How do the Baby Steps work?

I quickly mentioned part of Dave Ramsey’s baby steps in my post about getting out of debt to be able to stay home with our baby. Let’s dig into it a little more to see what it can do for you.

Dave Ramsey put together a very easy-to-follow program that encompasses every step of your financial journey. Budgeting and getting your finances in order can be daunting. His program helps you navigate it a lot easier.

Baby Step 1: Starter emergency fund of $1,000

First thing’s first: you need to build a small emergency fund. This will hold you over while you complete the next baby step.

It can be scary to only have $1,000 sitting aside for an emergency, but part of the first three baby steps is to light a fire under you to get them done as quickly as possible. It doesn’t make it less scary, but it makes you not want to mess up to hinder your progress.

If you have to use it for any reason and have already moved onto baby step 2, you go back to this first baby step again to build back up to $1,000.

Baby Step 2: Pay off debt, except the mortgage

This is the big one, and can be incredibly challenging. It will test your strength and desire to attain financial freedom. You will struggle through this step. But know that there are thousands of others doing exactly the same thing with you.

List out all of your debts, except your mortgage, from the smallest debt to the largest.

A lot of people ask Dave Ramsey, “what about those debts with large interest rates?”. And the answer: IT DOESN’T MATTER.

The point of listing your debts smallest to largest is to gain fast momentum at the beginning. To see that it actually works. And it does.

For us, the first debt to be paid off was a small medical debt of $388.20. It had an incredibly low interest rate compared to some of my student loans. But we paid it off, and it started a semi-addiction to get those letters saying “PAID IN FULL”.

Baby Step 3: 3 to 6 months in an emergency fund

You’ll build your actual emergency fund in this step. It will equate to about 3-6 months of expenses.

Not sure which is right for you between the smaller or larger amount? Ramsey’s quick solution is to look into how secure your job is.

Are you at a stable company that you’ve been at for some time? You can likely get by with 3 months’ worth of expenses. Are you in something like construction, that can be cyclical and you have potential to be laid off? It would be safer to have closer to 6 months of expenses put away.

Baby Step 4: 15% into retirement

Typically, baby steps 4, 5, and 6 can be done simultaneously. It’s not similar to the first three baby steps, where you are grinding and putting everything you have to attain a goal.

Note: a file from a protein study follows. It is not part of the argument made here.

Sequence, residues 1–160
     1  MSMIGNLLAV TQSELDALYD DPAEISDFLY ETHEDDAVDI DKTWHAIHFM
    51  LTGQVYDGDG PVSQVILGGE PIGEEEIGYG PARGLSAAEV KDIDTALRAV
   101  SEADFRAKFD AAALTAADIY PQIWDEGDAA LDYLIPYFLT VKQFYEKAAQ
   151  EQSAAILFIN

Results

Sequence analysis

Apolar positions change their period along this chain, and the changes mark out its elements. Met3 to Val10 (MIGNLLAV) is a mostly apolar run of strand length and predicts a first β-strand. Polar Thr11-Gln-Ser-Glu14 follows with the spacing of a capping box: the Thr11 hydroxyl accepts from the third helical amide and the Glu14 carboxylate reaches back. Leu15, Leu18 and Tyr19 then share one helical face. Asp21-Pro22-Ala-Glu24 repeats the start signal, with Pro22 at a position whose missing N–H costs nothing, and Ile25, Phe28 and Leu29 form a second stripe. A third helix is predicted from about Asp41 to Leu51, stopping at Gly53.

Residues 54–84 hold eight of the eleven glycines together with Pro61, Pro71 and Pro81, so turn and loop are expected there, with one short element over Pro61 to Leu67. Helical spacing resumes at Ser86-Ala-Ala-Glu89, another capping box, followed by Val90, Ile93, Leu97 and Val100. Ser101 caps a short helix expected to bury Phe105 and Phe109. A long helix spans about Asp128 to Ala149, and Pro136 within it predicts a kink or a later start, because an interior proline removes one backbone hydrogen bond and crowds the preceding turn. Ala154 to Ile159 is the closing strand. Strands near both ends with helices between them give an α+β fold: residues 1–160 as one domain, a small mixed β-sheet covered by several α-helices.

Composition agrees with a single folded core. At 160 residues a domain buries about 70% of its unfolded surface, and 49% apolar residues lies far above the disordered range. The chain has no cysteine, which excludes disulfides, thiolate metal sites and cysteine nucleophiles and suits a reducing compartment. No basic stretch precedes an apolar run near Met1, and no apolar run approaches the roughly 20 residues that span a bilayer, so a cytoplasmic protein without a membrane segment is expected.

These three steps are about saving and paying off your mortgage (but it does not have to be at the same intensity as baby step 2).

Take 15% of what you make and plug it into a retirement fund. This can be into an IRA or 401k. Just be sure you have control over where your money goes instead of chunking it toward an auto-investing program like the “retire by X year” programs.

Obviously, if your company does any sort of matching, you will want to take full advantage of that and contribute to your Roth 401k program. The percentage your company contributes does not count toward your 15% however.

Baby Step 5: Save for children’s college funds

This is another saving step. If you have kids, start a college fund as soon as possible to reap the benefits of growth over time.

You will need to look into the type of education fund you want to invest in, whether it is an ESA or a 529. There are benefits to both. I won’t go into the different options here, but these two options can take a lot of pressure off of you and your family when it comes time to pay for college.

Baby Step 6: Pay off the mortgage

As I mentioned previously, paying off the mortgage does not require the same level of intensity as baby step 2. You do not have to scale your monthly budget back to almost nothing to aggressively pay off your mortgage.

Now, while you shouldn’t be as aggressive as you once were to pay off all of your other debt, you also cannot begin to slack here. You still have a goal and should not push paying off the house to the full term of your mortgage.

Go on vacations if you’d like, feel free to buy that new couch you’ve been eyeing, but all the while budgeting for everything and putting extra money toward the house.

The average amount of time this takes people following Dave Ramsey’s plan is about 7 years.

Baby Step 7: Build wealth and live like no one else!

This is what you’ve been working toward. This is what financial freedom looks and feels like. Not owing anyone anything (except utilities and little monthly expenses, of course).

You own your house. Your cars. Your money. And it feels so good.

In this step, your only job is to enjoy life and build wealth. No one can come and take anything away from you, like your home or your cars. They’re yours.

Build your nest egg here and live like no one else!

Here’s the gist.

These baby steps can be difficult at times, especially at the beginning. Everything can feel overwhelming.

But just remember: everyone starts somewhere. Others have been in your shoes and gone on to become millionaires.

Start now to reap the benefits as soon as possible! Being financially free from debt opens so many doors for you. Just look at our family: we paid off our debt and I was able to stay home with our daughter! Combine these steps with your monthly budget, and you will succeed in your financial goals.

It’s completely doable. You’re just waiting on you now.

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